This is the opposite of the question posted here:
While that question is focused on how to design a charging port so that devices will be charged from it, I'm curious about designing an end device that I want to be charged with maximum current from all potential ports, if I don't need to use the data ports of the USB for anything else.
My device has a Li-Ion IC that self limits and can charge my Li-Ion battery up to 2A. How do I tell chargers to give as much current as they can? If I short D+ and D- on my board, I will appear as a dedicated charging port. Does that mean that wall outlets will give 1.5A or more if they can, and that laptop hubs or other sources may limit out at 500 mA? Is there any chance of a proprietary charger requiring something else other than D+ and D- being shorted in order to maximize charge current?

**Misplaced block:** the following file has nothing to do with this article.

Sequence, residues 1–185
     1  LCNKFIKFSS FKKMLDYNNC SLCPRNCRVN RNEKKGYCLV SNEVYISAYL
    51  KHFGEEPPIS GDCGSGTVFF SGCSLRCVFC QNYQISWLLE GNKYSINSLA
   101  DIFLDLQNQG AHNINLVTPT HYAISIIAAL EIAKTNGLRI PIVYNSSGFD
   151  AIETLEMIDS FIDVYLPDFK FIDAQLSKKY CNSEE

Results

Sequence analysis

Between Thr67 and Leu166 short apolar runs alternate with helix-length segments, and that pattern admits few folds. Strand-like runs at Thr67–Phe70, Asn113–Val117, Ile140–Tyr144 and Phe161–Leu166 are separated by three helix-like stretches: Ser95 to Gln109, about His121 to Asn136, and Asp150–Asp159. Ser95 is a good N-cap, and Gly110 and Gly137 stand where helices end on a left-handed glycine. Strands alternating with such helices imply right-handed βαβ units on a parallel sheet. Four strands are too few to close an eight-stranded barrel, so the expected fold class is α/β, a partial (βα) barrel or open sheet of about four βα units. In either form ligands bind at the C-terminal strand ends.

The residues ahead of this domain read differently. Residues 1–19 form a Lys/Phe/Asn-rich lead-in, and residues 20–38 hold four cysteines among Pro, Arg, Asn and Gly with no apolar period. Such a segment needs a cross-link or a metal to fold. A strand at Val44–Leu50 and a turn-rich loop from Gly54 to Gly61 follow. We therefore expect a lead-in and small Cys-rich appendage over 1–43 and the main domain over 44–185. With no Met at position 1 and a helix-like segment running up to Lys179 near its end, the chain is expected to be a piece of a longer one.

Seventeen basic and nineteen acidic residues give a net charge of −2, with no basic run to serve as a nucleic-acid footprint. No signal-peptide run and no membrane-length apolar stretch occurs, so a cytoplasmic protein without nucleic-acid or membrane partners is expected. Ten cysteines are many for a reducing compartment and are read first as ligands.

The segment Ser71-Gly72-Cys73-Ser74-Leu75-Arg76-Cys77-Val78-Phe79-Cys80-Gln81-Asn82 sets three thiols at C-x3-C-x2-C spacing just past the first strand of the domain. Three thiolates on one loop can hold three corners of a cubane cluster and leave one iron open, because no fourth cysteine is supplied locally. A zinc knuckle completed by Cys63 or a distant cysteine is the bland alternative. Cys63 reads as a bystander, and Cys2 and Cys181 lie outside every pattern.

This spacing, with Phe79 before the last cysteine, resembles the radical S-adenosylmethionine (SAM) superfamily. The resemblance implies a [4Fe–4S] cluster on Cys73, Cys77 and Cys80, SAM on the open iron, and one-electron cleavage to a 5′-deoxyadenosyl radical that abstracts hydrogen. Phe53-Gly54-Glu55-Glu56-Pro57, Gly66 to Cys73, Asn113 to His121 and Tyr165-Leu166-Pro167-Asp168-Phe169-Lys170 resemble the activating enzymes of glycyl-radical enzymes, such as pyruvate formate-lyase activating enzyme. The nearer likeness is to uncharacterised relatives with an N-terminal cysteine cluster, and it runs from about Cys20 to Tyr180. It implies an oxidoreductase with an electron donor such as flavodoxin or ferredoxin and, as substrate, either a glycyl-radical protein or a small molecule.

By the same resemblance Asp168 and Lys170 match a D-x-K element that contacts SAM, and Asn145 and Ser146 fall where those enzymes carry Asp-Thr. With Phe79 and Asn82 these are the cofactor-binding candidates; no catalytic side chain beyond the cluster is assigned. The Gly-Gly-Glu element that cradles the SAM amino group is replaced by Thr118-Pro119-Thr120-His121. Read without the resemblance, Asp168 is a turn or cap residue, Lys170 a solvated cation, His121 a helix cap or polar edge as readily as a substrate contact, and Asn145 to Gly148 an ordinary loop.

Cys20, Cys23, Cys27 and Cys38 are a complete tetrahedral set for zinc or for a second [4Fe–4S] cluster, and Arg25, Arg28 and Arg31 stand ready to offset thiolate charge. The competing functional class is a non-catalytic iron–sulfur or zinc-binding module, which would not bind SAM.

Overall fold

I'm looking to make my own variant of this PCB from Adafruit. While the part is made to only supply up to 500 mA (despite the schematic labeling), I want to make a version that can charge a 4,000 mAh battery at 0.5C. I also want to remove the USB connection to the AtMega so it can't be reprogrammed.
So take the BQ2425 series for example. I know this is also a "power management" chip which also takes care of regulation in addition to battery charging. But there aren't any equivalent MCP73831 chips I could find that do simple battery charging, just with a higher current.
The point still stands though. If my USB is meant to sometimes pull 2A if the chip is charging, or much less if it's fully charged and maybe just powering the MCU, what do I so with the USB D+ and D- lines on my PCB? Already the two answers I've gotten don't agree, one says short them and one says leave them open.